Lawmakers to Saverin: Don't Come Back
'Ex-PATRIOT' Act to punish those who try to dodge taxes
By Kevin Spak,  Newser Staff
Posted May 17, 2012 10:06 AM CDT
Eduardo Saverin, co-founder of Facebook attends the 7th Annual Common Sense Media Awards honoring Bill Clinton at Gotham Hall on April 28, 2011 in New York City.   (Getty Images)
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(Newser) – Facebook co-founder Eduardo Saverin's decision to renounce his US citizenship—and, conveniently, a lot of the taxes from his expected IPO windfall—has struck a nerve on Capitol Hill. Chuck Schumer and Bob Casey will today announce a new bill called the "Ex-PATRIOT Act" (a typically dopey acronym meaning "Expatriation Prevention by Abolishing Tax-Related Incentives for Offshore Tenancy"), ABC reports. They said the bill is a direct response to Saverin's "scheme" to "duck up to $67 million in taxes."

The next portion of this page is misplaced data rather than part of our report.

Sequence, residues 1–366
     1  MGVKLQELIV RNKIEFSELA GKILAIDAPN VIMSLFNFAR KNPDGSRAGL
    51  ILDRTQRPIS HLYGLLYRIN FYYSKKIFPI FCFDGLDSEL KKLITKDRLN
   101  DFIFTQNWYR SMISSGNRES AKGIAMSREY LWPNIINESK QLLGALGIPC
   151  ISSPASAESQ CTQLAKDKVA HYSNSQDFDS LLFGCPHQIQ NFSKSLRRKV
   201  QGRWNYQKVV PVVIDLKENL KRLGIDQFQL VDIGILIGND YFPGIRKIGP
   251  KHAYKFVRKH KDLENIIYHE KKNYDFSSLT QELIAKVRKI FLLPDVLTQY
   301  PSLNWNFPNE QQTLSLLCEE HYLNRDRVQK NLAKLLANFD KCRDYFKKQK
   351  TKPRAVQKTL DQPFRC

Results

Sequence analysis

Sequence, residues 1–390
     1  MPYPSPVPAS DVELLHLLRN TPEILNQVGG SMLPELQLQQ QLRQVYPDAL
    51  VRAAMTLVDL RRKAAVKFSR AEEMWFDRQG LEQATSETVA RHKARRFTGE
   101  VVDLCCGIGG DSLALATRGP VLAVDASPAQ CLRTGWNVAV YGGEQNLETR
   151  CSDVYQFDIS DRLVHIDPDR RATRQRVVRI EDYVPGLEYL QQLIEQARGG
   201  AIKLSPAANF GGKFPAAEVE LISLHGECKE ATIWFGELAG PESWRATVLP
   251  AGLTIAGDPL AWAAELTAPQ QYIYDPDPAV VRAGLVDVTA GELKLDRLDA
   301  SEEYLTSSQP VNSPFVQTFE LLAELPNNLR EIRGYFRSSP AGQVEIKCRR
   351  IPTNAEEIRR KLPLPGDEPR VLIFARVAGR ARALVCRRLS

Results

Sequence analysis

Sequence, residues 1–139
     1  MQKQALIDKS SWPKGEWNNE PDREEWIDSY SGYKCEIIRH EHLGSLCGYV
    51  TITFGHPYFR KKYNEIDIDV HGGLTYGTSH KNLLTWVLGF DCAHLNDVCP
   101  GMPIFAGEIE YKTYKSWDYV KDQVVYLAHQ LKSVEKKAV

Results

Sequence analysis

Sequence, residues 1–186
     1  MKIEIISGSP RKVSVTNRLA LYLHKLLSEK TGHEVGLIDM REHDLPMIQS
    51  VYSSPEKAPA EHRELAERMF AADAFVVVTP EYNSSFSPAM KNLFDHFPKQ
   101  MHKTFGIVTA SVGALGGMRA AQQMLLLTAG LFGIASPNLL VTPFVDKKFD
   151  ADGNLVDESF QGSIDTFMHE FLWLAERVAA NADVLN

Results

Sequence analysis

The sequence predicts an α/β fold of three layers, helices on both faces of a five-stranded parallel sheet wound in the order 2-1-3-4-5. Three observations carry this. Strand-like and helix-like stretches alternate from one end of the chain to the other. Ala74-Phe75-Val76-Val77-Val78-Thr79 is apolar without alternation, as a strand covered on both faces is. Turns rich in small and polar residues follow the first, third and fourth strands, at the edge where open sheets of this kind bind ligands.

The bill would re-impose taxes on expatriates, set a 30% capital gains tax rate on them, and forbid them from ever returning to the US. But that last part might not even be necessary; Talking Points Memo notes that US law specifically bans "former citizens who renounced citizenship to avoid taxation" from obtaining a US visa. That might be one reason that Saverin's lawyer has been trying to argue that his decision isn't tax-related.